Health & Medical Cardiovascular Health

Drug Insight: Statins for Nonischemic Heart Failure

Drug Insight: Statins for Nonischemic Heart Failure

Summary and Introduction


While 3-hydroxy-3-methylglutaryl-coenzyme A reductase inhibitors, also known as statins, have a well-established in role in the treatment and prevention of ischemic coronary artery disease, their utility in the setting of heart failure (HF) and left ventricular (LV) dysfunction remains under investigation. Although a reduction in LDL is the major effect of statin therapy, pleiotropic effects have been demonstrated, which could be responsible for the reduction in morbidity and mortality seen with statin use in patients with HF. Patients with both ischemic and nonischemic HF have been shown to have improved survival with statin therapy, and patients receiving statin therapy are less likely to develop HF. Studies have demonstrated that statins reduce inflammation, improve endothelial function, decrease thrombogenicity, and improve LV and autonomic function. In this Review, we present the literature supporting the pleiotropic effects of statin therapy in patients with HF or LV dysfunction, and discuss the mechanisms by which statins might elicit the improvements in morbidity and mortality seen in these patients.


The use of 3-hydroxy-3-methylglutaryl-coenzyme A reductase inhibitors—statins—reduces the incidence of cardiovascular events and death not only in patients with coronary artery disease but also in the setting of primary prevention. The beneficial effects of statins on cardiovascular-related morbidity and mortality have even been demonstrated in the setting of normal and low cholesterol levels. Researchers have postulated that statins could reduce mortality through effects other than those on cholesterol reduction, since statins have been shown to have beneficial effects on inflammation, and endothelial and platelet function. A recent meta-analysis by Robinson and colleagues has combined data from studies on cholesterol-reducing therapies (5 studies on diet, 3 on bile acid sequestrants, 1 on surgery, and 10 on statins) including a total of 81,859 participants, to see whether the reduction in cardiovascular events observed with statin therapy is beyond that expected on the basis of the degree of LDL cholesterol reduction. This study demonstrated that the regression lines for statin and nonstatin therapies were similar and consistent with a one-to-one relationship between LDL cholesterol reduction and a decrease in cardiovascular events over 5 years of treatment. This finding implies that statins did not have an impact on cardiovascular risk reduction beyond that expected with the degree of LDL cholesterol lowering achieved, indicating that the pleiotropic effects of statins do not reduce mortality further. The majority of studies referenced in this meta-analysis did, however, focus primarily on the reduction of cholesterol in patients at high cardiovascular risk.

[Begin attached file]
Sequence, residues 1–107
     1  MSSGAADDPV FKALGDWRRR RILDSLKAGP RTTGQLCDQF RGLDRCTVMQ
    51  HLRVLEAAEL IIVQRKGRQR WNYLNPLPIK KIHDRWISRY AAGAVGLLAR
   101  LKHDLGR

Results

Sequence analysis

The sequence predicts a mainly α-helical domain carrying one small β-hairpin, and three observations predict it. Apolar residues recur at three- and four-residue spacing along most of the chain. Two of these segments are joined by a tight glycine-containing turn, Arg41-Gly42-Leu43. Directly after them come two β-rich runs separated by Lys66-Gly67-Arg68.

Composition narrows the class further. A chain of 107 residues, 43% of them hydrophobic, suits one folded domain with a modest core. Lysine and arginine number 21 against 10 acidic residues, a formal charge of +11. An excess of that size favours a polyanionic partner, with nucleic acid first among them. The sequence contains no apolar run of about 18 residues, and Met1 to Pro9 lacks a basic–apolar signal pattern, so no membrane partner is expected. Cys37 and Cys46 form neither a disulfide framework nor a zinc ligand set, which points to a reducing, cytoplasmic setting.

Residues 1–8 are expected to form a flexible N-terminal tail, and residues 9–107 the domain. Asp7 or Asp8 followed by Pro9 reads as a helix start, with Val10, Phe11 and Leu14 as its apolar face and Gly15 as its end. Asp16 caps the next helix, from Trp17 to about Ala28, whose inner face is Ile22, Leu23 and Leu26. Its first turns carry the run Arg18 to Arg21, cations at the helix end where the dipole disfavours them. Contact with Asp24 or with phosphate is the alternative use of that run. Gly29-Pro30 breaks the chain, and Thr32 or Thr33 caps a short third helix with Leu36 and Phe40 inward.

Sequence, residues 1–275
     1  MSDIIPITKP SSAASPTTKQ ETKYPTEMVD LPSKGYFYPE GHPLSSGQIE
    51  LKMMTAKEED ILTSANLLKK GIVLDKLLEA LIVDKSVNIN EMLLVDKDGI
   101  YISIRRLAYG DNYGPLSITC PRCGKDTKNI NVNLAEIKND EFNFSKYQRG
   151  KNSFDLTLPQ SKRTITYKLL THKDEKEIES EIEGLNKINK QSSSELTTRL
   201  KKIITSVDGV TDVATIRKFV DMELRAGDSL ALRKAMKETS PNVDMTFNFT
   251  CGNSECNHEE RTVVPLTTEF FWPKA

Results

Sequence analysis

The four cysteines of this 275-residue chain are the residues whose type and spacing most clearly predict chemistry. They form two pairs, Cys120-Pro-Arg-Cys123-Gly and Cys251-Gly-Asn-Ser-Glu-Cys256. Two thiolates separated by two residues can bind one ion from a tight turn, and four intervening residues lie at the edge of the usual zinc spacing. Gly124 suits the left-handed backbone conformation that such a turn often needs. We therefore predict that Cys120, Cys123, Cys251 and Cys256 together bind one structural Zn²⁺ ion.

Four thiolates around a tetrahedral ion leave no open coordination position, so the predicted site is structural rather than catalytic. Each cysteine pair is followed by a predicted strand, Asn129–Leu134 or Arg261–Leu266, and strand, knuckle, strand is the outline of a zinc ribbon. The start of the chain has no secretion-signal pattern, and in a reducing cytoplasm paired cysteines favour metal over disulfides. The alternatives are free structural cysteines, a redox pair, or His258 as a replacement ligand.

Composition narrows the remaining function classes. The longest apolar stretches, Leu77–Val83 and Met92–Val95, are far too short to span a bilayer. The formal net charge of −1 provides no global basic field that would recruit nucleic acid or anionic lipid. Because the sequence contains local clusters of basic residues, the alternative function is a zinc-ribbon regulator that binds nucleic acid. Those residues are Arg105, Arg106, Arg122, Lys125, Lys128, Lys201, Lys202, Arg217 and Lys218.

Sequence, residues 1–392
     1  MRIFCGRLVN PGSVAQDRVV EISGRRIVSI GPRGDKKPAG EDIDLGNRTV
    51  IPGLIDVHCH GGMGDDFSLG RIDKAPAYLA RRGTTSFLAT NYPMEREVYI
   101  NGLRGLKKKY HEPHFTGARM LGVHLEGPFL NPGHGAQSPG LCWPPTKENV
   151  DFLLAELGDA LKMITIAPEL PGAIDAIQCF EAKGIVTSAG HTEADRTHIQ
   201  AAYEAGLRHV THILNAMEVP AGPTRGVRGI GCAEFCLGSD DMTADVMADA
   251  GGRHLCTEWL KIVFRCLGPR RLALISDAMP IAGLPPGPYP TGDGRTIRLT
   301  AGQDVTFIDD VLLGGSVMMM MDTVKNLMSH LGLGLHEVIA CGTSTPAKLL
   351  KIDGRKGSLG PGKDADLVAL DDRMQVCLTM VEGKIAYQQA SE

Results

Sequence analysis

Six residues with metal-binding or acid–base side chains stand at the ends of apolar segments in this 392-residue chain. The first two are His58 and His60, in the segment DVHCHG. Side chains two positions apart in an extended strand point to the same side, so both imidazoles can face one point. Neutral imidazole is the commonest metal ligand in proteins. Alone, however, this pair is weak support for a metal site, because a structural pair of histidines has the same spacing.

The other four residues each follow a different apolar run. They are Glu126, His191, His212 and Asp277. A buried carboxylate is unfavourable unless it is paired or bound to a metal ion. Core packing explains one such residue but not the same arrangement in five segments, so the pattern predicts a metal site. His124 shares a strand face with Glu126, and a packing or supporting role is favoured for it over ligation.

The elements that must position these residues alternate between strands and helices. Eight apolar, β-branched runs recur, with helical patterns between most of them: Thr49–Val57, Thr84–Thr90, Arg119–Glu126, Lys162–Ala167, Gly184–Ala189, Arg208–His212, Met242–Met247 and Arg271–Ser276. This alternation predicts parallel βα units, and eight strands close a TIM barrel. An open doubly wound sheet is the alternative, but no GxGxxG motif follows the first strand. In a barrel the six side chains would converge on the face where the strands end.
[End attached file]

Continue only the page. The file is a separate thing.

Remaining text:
The hypothesis that pleiotropic effects from statin therapy improve survival is supported by the reduction in mortality seen in patients treated with statins, in whom stabilization of atherosclerotic disease and prevention of ischemic events is unlikely to be the mechanism for improved survival. For example, improved outcome with statin therapy might be a result of cholesterol reduction and plaque stabilization in the setting of ischemic left ventricular (LV) dysfunction or heart failure (HF); whereas a large increase in survival with statin therapy for patients with nonischemic HF would not be explained by a reduction in ischemic events alone. The goal of this paper, therefore, is to review and discuss the theoretical role of statin therapy in the setting of ischemic and nonischemic HF and discuss how the pleiotropic effects of statin therapy could result in improved survival.

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